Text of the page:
A group of local companies led by Qingdao Port International Co. Ltd. plans to build new pipeline and storage facilities in eastern Shandong province, China, due to increasing demand from independent refineries. The project is estimated to cost more than RMB 1.5 billion ( USD 229 million).
The companies plan to build two side-by-side 216-kilometre (134-mile) pipelines to link Qingdao’s Dongjiakou port area with Weifang, which is home to several independent refineries in China. The pipelines will have an annual capacity of 11 million tonnes. The pipelines will eventually be extended to the central and northern parts of Shandong and will have a capacity of 30 million tonnes per year.
An environmental assessment has yet to be conducted prior to making a final investment decision.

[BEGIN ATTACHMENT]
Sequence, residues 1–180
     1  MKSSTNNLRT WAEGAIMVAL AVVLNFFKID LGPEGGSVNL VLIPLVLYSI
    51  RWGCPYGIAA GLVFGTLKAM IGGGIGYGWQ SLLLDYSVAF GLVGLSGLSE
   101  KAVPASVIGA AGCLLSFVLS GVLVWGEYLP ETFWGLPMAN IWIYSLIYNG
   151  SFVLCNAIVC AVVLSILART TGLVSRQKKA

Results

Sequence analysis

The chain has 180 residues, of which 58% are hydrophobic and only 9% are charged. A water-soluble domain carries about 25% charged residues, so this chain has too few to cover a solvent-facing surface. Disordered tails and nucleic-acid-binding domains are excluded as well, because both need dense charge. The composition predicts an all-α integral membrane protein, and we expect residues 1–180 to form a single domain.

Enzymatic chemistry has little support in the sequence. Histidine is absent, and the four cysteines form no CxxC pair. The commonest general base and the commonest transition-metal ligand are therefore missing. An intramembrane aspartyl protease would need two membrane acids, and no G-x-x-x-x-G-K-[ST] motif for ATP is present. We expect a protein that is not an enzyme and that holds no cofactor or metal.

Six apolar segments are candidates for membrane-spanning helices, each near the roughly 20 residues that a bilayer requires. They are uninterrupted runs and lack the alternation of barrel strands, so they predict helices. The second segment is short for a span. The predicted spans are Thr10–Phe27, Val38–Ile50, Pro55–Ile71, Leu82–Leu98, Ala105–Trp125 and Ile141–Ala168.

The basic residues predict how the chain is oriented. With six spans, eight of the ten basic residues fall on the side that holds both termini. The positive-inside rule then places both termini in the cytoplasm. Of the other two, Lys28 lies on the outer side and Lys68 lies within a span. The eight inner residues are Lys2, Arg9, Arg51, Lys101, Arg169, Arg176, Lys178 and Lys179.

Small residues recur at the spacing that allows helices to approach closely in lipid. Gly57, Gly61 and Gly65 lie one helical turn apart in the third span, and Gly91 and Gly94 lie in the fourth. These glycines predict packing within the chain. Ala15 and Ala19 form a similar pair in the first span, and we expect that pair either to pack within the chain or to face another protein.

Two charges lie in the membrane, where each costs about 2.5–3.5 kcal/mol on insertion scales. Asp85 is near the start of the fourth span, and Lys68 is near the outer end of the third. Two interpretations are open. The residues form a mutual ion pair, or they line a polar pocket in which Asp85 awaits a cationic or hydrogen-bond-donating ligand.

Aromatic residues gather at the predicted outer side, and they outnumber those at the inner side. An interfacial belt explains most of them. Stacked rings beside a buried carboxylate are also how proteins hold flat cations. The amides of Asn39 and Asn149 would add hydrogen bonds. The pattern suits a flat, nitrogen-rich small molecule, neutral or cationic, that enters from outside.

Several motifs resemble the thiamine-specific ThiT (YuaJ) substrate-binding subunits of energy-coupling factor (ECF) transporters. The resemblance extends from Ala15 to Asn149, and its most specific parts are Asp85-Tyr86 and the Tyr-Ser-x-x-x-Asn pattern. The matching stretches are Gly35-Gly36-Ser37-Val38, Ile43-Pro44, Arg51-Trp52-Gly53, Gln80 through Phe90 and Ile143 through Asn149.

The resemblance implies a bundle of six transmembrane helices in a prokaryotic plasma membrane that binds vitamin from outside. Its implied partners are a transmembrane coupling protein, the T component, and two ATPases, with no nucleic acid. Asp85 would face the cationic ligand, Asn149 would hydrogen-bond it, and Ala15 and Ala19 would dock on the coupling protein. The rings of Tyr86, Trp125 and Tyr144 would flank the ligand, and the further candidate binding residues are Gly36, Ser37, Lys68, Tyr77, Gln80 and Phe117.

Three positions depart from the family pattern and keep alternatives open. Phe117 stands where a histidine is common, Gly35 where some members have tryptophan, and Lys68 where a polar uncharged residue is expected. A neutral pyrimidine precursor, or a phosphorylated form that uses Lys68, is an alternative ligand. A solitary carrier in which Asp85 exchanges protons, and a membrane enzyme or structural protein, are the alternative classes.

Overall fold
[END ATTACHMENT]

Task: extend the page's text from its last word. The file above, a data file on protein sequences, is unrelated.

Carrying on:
Shandong province is headquarters to 20 or so independent refineries in China. In the first four months of this year, these so-called “teapot” refineries imported 851,000 barrels per day of crude oil, which has caused congestion and delays at Qingdao Port, the single-largest crude oil port by volume in China.
The companies have also started building an 11.3 million-barrel crude oil storage site in Weifang, which is a transfer point and headquarters to several independent refineries, including the 100,000 barrel-per-day Sinochem Hunrun Petrochemical Corp.